PHED134 Aerobics

Department of Health, Physical Education & Nursing: Physical Education

I. Course Number and Title
PHED134 Aerobics
II. Number of Credits
2 credits
III. Minimum Number of Instructional Minutes Per Semester
1500 minutes
IV. Prerequisites
None
Corequisites
None
V. Other Pertinent Information
None
VI. Catalog Course Description
This course is designed to enable any student to plan and progressively develop a personalized fitness program based on participation in a regular system of aerobic dance and other aerobic exercise. Basic concepts of exercise physiology and nutrition will be presented.
VII. Required Course Content and Direction
  1. Learning Goals:

    1. To develop a personal aerobic exercise program, utilizing valid concepts of exercise physiology and nutrition.


    2. To critically review current training related to aerobic dance, and learn how to change his/her training, if necessary, to conform to new and scientifically valid concepts.


    3. To select aerobic activities such as jogging, walking, dance, stepping, jumping rope, and individually paced exercises.


    4. To increase aerobic capacity, which is the maximum amount of oxygen the body can process within a given amount of time.


    5. To understand the training effect of aerobic upon the body.


    6. To develop an individual aerobic exercise dance routine.


    7. To acquire knowledge of the components of physical fitness as related to the concept of total fitness.


    8. To understand the principles of developing an aerobic program of exercise enabling one to modify their program to fit his/her needs for a lifetime.

    This course satisfies the requirements for the BCCC Core Curriculum.

    Core Learning Goals:
    Category I:
      Personal Health: The students will:

      1. develop attitudes, values, and skills which promote physical and emotional well-being to extend over the course of their lives.

    Core Learning Objectives:
    Category I:
      Personal Health: The students will be able to:

      1. recognize the components of wellness, exercise, and diet that contribute to life long physical, and mental wellness. (1)
      2. practice wise choices regarding exercise and diet. (1)
      3. apply appropriate skills to manage stress and anxiety in order to maintain holistic health. (1)
      4. describe the links between behavior and health over the course of a lifetime. (1)

    Category III:
      Critical Thinking and Problem Solving: The student will be able to:

      1. integrate and /or combine knowledge from multiple sources to create new knowledge.
      2. reason from what they know to form new knowledge, draw conclusions, solve problems, explain, decide, and /or predict. (Inductive and/or Deductive Reasoning Skills)

      Responsible Citizenship: The student will be able to:

      1. demonstrate an understanding of major ethnical concerns.
      2. demonstrate familiarity with contemporary environmental issues.
      3. identify the effects of a person’s actions on the community.
  2. Planned Sequence of Topics and/or Learning Activities:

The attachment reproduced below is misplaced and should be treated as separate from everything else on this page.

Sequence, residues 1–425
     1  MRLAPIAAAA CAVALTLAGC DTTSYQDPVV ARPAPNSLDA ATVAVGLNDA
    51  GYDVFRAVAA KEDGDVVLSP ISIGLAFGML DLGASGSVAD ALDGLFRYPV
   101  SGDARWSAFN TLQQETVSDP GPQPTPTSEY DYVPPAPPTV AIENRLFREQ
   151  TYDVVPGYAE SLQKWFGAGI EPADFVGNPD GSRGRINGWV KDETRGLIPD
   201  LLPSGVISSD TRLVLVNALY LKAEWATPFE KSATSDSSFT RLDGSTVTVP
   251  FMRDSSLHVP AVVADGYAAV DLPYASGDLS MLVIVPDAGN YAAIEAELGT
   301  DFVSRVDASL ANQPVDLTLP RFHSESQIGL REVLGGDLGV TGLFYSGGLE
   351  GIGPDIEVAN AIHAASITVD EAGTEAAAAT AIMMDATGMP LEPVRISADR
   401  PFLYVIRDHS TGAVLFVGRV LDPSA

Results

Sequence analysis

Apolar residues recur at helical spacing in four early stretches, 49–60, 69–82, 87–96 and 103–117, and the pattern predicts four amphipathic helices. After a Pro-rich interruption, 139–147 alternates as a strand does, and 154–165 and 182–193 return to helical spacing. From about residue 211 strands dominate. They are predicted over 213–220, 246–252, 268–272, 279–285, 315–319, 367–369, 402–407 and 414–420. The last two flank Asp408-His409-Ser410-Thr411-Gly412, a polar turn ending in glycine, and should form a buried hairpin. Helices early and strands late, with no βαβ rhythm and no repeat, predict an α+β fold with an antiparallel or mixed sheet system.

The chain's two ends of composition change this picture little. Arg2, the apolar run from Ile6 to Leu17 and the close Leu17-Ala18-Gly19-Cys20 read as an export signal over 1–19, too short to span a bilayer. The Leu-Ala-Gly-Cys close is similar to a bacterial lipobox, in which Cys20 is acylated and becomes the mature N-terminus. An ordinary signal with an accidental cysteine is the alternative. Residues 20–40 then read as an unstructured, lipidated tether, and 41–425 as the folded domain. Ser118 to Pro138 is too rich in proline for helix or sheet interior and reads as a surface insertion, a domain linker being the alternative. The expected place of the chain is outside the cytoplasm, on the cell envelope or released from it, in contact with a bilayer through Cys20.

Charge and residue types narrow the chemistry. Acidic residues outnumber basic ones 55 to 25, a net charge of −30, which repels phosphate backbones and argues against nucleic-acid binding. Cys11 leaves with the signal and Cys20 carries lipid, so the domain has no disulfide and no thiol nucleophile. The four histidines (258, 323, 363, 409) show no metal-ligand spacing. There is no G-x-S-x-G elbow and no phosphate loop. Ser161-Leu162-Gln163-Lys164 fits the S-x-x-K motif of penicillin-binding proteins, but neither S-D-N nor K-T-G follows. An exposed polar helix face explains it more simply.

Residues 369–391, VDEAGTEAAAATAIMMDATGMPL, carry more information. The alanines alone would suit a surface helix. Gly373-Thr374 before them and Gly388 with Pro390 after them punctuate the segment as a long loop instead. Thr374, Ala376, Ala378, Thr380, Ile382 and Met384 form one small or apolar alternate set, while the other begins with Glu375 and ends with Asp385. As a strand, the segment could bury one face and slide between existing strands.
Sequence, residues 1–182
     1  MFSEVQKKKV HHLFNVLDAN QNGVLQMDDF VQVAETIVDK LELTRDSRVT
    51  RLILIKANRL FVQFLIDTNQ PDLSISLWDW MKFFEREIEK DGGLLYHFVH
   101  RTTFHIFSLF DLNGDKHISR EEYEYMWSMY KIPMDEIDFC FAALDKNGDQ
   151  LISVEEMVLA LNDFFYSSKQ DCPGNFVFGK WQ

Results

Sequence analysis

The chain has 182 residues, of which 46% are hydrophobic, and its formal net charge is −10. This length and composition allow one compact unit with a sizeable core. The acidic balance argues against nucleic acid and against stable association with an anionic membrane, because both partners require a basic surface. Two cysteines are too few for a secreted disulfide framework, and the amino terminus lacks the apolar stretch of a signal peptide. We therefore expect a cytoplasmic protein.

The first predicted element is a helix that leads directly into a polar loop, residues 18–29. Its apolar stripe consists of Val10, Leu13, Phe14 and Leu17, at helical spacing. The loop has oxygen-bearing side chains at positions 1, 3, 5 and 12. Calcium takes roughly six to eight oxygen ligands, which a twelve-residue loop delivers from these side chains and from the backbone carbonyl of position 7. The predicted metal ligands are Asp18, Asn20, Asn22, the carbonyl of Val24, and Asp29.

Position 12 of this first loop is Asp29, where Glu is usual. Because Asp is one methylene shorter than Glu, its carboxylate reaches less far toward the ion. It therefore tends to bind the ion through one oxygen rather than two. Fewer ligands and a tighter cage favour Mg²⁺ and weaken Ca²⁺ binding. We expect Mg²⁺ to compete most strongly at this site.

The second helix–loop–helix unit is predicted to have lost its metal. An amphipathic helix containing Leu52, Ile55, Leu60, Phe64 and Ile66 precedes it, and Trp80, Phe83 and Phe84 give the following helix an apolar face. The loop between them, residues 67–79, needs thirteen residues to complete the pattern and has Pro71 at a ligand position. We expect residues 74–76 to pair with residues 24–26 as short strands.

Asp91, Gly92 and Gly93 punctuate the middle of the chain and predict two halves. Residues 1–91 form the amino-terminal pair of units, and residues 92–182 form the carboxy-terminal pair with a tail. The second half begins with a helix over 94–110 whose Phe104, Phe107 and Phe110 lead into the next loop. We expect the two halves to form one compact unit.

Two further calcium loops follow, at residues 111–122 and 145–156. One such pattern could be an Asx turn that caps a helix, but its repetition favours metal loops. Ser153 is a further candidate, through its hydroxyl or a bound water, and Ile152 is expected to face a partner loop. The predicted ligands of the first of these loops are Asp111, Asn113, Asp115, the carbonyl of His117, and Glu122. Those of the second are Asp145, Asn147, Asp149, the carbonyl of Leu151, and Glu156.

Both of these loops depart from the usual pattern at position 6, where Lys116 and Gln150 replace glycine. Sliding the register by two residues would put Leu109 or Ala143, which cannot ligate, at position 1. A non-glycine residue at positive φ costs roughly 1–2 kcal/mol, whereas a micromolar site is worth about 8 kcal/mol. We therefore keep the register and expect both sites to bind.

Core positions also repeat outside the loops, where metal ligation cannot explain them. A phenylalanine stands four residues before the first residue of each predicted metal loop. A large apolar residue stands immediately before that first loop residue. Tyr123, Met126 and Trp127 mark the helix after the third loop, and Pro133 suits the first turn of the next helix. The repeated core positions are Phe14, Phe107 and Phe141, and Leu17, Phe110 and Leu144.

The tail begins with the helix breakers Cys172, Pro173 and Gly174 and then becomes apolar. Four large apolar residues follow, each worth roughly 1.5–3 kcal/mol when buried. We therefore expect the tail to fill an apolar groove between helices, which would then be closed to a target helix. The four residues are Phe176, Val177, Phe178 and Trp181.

1. Basic Physiology of Exercise
      1. Principles of warm-up, stretching, and cool down
      2. Basic anatomy of muscles and joints
        1. Fiber type
        2. Ligament
        3. Tendon
      3. Muscular Contractions: isotonic, isometric, and isokinetic
      4. Muscular Metabolism
        1. Anaerobic
        2. Aerobic

    2. Applied Physiology of Exercise
      1. Principles of an exercise prescription
        1. Frequency, Intensity, Duration
        2. Overload, Progressive resistance, Specificity, Recovery
      2. Physiological effects of regular anaerobic exercise
      3. Physiological effects of regular aerobic exercise
      4. Cross training and how a variety of activities contribute to cardiovascular and total fitness

    3. The Role of Diet and Nutrition – What is a quality diet?
      1. Weight management and body composition
      2. Cardiovascular disease and atherosclerosis
      3. Heat balance, fluid, and electrolyte consumption
      4. Role of nutrition in energy metabolism
      5. Relationship among stress, diet, and exercise

    4. Concepts of Recuperation, positive adaptation and de-conditioning
      1. Immediate and correct care of athletic injuries
      2. Evaluation of fitness progress and self-testing

    5. Critical Review of literature in nutrition and physiology of exercise


    6. Cardiovascular Fitness Test: Modified Step Test, Flexibility (sit and reach) Upper Torso Test (push-ups) Strength, Abdominal Strength Test (sit-ups)
      1. Pre-test
      2. Post-test

    7. Stretching and warm-up exercise


    8. Indoor exercising
      1. Stationary running
      2. Stair climbing
      3. Rope jumping
      4. Circuit training

    9. Walking


    10. Running


    11. Step Aerobics


    12. Aerobic Exercise and Dance Routines


    13. Physiology of Aerobics
      1. Aerobics
      2. Aerobic capacity
      3. Overload principle
      4. Training effect
      5. Point system

    14. Components of Fitness
      1. Health related
        1. Strength
        2. Endurance(cardiovascular)
        3. Flexibility
        4. Body composition
      2. Skill related
        1. Power
        2. Agility
        3. Balance
        4. Coordination
        5. Speed
        6. Reaction time

    15. Principles of isotonic and isometric exercise
  3. Assessment Methods for Core Learning Goals:

  4. Reference, Resource, or Learning Materials to be used by Students:

    Department selected textbook or handouts provided. Details provided by the instructor of each course section.
VIII. Teaching Methods Employed
The class period is divided between mini-lectures and physical participation by students. Some portion of the class is dedicated to student presentations.

Review/Approval Date - 12/03; Core Goals/Objectives added 6/04